Words mean a lot to me. Even—or especially—when they lose their meaning. It’s a fleeting experience, but it tends to recur. All at once, the words of one’s native language suddenly turn into—not just foreign words—but something other than words at all. As speech loses its meaning, the parts of speech lose their individuality, flowing into one another: words are heard as mere disturbances of air.
Imagine the speech-sphere turned inside out: its center—its source in sound—becomes its outer surface. Its new center is a vanishing point into which meaning recedes and finally disappears. All that remains is the exteriority of sound. One sound––miraculously, it also happens to be a word—now covers the entirety of language. That word is susurrus. It is similar, perhaps identical, to the “hum of the Earth.”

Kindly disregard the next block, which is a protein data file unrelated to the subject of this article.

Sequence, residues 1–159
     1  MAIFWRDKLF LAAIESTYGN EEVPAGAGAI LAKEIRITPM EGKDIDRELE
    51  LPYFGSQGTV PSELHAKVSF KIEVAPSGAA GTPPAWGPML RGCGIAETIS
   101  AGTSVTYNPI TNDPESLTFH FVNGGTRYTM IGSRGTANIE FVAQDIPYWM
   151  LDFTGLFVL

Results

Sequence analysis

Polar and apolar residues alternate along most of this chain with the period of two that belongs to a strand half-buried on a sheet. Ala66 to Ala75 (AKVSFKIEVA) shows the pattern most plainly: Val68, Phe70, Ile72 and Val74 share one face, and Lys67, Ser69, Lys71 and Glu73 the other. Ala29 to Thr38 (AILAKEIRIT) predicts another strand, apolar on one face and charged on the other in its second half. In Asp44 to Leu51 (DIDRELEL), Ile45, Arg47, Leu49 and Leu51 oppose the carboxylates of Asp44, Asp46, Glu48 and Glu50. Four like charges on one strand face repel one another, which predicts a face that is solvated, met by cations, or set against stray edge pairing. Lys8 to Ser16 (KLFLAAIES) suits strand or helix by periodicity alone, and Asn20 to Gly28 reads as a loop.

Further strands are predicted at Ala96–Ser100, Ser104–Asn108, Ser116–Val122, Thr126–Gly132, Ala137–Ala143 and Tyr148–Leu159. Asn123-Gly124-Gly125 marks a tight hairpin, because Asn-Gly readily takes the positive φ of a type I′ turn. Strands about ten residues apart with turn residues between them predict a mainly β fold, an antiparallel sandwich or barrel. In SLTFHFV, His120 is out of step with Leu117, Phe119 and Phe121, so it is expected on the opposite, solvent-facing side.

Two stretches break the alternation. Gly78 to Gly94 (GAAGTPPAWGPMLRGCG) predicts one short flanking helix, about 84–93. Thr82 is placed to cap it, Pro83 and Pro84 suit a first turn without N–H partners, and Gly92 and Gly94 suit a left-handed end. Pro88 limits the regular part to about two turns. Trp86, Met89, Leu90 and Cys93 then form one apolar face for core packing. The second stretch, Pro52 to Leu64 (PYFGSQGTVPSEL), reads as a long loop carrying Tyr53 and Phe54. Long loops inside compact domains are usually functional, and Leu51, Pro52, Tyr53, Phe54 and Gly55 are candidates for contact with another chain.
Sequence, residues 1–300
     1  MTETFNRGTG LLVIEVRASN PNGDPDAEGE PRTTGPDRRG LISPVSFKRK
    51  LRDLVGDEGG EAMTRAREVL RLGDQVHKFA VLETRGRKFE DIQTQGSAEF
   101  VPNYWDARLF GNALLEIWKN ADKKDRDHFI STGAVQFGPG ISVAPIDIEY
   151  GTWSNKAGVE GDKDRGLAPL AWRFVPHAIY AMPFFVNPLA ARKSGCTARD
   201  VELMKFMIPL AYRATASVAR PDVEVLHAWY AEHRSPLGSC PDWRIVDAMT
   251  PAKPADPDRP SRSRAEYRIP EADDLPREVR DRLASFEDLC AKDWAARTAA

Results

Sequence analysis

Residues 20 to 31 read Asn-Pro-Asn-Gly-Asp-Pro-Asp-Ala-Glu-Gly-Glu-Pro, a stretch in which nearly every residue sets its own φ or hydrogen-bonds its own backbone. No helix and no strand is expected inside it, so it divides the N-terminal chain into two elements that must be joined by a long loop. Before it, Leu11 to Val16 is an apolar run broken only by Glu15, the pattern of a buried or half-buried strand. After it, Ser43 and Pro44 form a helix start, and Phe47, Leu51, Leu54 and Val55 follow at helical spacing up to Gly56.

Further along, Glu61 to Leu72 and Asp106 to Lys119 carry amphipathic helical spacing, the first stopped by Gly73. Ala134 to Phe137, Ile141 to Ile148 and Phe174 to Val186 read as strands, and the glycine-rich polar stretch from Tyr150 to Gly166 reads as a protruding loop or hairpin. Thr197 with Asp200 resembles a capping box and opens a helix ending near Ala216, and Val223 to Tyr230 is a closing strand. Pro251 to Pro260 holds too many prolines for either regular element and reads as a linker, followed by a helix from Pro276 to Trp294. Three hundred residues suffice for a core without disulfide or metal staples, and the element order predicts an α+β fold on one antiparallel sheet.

The hum of the Earth has been detected by the most sensitive seismometers: it is the hum, the rumble, the susurrus that remains after the effects of all other sources of underground sound have been subtracted. It is possible to believe this hum can become audible to the human ear, but only under ideal conditions—perhaps in a desert at night.
(N)ever-arriving wave, the world’s own drone. It is the sound of non-eventual time, a sound that humans throughout history have sought to imitate, often in sacred settings, at first vocally and later with instruments. One such instrument is the didgeridoo of the Australian aborigines, a termite-hollowed log that, when blown, is capable of creating standing waves of sound. These means of accessing the “drone zone” have developed alongside the art of music, but do not necessarily serve musical ends. Instead, they are “dreamweapons,” as the pioneering dronist Angus Maclise called them: tools for producing a sound-event poised between ephemerality and eternity.